What To Do About Raccoons Destroying Our Flower Garden?

Question:

Racoons are destroying our flower garden. What can I use, besides trapping them, to get rid of these pesky critters? We have used Havahart “Critter Ridder” and sprinkled it throughout our garden and it has no affect.

Answer:

Raccoons in the flower garden almost always means the raccoons are hungry and you have something interesting in your garden. What you have, however, may be grubs, not bulbs. Kill the grubs and you get rid of the raccoons.

How do you kill grubs? Try Bt, Bacillus thuringeinsis. This readily available product kills insect larvae by giving them severe constipation. The grubs in the ground around your plants literally explode, and raccoons will lose their interest in them. Bt is not a pesticide. It’s a bacterium that occurs naturally in the soil, and all you are doing is increasing the amount of it. Bt is even approved for most organic gardening certifications.

If the primary problem is digging, you can protect recently planted bulbs and seedlings with wire mesh, although you will have to remove the wire mesh as your plants grow. If the primary problem is tipping over flower pots, anchoring your containers with stones will prevent damage by raccoons. The stones can be used to make the plants a visual focus of your garden.

Follow this link to read more about getting rid of Raccoons or here to help you manage wild animals which have become a nuisance.

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About Mark Dobryniewski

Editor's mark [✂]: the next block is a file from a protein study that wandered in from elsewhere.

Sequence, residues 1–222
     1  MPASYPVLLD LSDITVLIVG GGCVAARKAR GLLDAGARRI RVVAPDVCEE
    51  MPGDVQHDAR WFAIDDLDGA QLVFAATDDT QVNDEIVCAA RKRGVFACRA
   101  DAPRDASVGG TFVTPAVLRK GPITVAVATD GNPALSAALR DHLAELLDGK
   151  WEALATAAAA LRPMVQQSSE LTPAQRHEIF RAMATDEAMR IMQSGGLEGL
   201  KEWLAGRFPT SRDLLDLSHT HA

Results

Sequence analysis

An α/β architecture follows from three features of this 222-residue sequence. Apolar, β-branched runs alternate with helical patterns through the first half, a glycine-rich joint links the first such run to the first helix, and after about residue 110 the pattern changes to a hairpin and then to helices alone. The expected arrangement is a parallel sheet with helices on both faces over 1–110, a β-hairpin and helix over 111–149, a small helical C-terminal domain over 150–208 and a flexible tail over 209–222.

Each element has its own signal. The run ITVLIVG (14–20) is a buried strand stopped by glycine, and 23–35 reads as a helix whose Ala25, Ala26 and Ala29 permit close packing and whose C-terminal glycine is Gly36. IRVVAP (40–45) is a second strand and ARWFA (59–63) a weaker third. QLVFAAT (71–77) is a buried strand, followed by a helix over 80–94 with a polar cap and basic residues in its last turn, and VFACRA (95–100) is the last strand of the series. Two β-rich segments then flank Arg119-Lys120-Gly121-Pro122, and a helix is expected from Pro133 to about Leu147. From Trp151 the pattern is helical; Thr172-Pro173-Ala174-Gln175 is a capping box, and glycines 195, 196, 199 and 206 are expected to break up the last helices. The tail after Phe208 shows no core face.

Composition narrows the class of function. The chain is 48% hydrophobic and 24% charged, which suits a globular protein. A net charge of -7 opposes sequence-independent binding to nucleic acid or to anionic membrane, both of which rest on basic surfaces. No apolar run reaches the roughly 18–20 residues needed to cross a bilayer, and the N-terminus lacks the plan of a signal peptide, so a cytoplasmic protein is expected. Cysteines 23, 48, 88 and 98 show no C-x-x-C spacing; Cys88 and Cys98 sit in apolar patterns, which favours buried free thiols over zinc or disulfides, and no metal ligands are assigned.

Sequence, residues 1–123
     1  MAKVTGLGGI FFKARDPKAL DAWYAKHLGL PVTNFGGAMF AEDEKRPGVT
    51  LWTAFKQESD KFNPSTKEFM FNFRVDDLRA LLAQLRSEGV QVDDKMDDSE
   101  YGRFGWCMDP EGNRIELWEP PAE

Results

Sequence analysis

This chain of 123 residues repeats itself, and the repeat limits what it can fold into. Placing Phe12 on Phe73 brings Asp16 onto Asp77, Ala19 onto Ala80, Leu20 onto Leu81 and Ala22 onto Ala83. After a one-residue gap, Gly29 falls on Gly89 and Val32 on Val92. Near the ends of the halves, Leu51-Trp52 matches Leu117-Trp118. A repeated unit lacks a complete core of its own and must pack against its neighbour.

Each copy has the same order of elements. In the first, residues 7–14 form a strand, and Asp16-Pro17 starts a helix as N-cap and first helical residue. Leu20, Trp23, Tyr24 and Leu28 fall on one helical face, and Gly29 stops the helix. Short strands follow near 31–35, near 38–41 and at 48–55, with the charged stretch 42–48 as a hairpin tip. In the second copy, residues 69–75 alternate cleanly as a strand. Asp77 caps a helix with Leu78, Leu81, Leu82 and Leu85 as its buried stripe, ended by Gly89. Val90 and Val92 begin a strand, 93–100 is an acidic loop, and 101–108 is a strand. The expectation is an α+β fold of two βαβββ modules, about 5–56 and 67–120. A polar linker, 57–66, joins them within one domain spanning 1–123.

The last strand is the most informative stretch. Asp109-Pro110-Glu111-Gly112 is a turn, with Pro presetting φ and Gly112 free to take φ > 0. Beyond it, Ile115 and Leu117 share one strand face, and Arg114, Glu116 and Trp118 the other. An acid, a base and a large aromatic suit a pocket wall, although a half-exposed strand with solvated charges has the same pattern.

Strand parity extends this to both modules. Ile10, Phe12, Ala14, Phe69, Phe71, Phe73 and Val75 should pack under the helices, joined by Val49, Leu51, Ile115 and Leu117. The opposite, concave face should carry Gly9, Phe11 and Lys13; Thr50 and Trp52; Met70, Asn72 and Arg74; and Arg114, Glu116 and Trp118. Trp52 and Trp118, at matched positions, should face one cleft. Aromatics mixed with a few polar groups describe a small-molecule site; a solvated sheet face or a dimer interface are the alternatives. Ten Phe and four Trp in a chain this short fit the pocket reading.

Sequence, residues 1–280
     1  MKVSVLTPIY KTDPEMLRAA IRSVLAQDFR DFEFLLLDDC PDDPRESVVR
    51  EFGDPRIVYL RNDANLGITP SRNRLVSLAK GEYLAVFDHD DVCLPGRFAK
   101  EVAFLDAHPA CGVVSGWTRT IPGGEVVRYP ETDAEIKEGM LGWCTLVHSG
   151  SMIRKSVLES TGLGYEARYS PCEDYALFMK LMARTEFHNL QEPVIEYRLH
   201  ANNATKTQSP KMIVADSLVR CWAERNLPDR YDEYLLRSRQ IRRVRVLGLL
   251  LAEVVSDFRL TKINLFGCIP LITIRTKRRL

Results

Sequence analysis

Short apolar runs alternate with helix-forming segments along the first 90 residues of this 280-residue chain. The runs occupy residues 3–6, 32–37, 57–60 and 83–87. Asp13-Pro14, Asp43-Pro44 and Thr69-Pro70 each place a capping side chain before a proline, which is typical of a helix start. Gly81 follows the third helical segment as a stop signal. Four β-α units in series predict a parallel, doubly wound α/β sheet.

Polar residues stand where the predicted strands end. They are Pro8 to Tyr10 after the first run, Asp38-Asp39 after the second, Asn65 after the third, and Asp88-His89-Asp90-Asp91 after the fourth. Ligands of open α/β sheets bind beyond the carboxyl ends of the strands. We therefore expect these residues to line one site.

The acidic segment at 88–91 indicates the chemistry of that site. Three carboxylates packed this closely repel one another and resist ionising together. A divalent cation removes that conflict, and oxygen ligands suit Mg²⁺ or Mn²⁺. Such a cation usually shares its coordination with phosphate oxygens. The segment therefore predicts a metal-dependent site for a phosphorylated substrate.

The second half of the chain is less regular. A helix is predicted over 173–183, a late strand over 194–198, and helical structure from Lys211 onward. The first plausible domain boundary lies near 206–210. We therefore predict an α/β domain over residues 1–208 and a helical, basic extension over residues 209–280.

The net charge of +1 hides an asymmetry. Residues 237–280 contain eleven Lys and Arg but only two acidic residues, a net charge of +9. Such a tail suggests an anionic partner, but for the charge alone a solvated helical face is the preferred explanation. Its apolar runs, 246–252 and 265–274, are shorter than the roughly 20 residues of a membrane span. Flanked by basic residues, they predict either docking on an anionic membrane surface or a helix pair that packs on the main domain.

Mark has a strong background in Engineering and a huge interest in Pest Control as a way of getting rid of rodents and other unwanted pests who can cause a nuisance in your home and garden. You can subscribe to his free daily paper on Pest Control Solutions and follow him on Facebook or Twitter

Comments

  1. Plant strawberries. They will eat those, and not dig. Speaking from experience.

  2. Oh and by the way, Bt does not dissipate the way manufacturers claim. I would not use it where I eat. Bt is a toxin derived from moths. It is a component of the chemical compound they produce as a defense against getting eaten. It eats away at the preditor that ingests it. That said, seral and utero-placental toxicology studies in Canada designed to detect Bt, found Bt in 93 percent of a group including pregnant women, their fetuses, and not pregnant women. the FDA and EPA often give preliminary approval to these pesticide manufactures (pending further in-house tests), becuase of the belief that water soluble, means it goes away. But guess where it goes? Um hm. Into us.

    ncbi.nlm.nih [dot] gov/pubmed/21338670

    And your grubs aerate your soil. You want them.

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